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My son is a Type 1 diabetic and doesn’t want to take care of it


​My son is a Type 1 diabetic and doesn't want to take care of it. He has had very bad anger and aggression issues. We've seen numerous counselors and it doesn't seem to help. I'm not sure where to go, or who to turn to for help.


diabetic kid

Thank you for contacting us. No one wants to have the extra challenge of having to deal with a medical issue, and the attention to detail and restrictions that go with it. Your son is probably angry about having to tend to it, but as you know, his life and/or quality of life depends upon his attention to treating it.

We do not know if the anger and aggression you are referring to is specifically geared toward the diabetes. Or, if the direction and instruction you are giving him regarding it, is a separate issue. If it is related, validate his feelings. He has a right to be angry, but how he deals with that anger is what counts.

How old is your son. The younger children are, the less choice they have in certain matters. You can let him know he does not have a choice in the matter just like he does not have a choice in whether he has to wear a coat in 10 degree weather. Treat the diabetes, and continue to teach him how to treat it and take care of himself so he can lead a long, healthy and productive life.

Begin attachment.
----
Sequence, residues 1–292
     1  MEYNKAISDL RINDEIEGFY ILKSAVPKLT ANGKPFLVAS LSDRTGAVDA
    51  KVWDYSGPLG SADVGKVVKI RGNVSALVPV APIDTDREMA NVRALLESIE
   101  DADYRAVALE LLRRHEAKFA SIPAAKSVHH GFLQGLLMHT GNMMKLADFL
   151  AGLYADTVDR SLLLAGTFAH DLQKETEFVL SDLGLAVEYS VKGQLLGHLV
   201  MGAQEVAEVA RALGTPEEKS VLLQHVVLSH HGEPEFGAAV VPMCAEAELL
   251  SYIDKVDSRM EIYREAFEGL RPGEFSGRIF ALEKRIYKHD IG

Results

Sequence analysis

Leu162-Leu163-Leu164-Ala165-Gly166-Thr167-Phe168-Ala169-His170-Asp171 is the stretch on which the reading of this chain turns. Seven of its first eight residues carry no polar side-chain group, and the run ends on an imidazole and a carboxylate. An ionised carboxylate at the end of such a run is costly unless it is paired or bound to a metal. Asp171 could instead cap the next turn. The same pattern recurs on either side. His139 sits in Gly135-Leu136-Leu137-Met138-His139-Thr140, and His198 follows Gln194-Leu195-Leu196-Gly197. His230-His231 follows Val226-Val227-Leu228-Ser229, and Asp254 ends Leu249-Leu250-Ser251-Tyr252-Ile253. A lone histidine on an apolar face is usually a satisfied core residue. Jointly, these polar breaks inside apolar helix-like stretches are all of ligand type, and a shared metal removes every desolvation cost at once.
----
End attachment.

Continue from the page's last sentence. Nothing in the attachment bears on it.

Yes, it is hard to monitor when you are not there, but talk to his physician about any and all options to simplify his treatment. Stock your home with foods that are healthy choices for him and gear away from all other food options. Have him work with a nutritionist (perhaps that will appeal to him more than the word "counselor.") He may not want to feel like others are controlling him, but with some of this, he may be empowered to take control himself.

There is even a camp in Nebraska for children ages 9-18 with diabetes. A friend's daughter attended for years and then even was able to come back as a camp counselor when older.  It is called Camp Floyd Rogers. You may reach them at 402-885-9022, if you think this might be a good option.

If his aggression goes beyond this, consider calling in for more strategies, and sharing what you have already tried.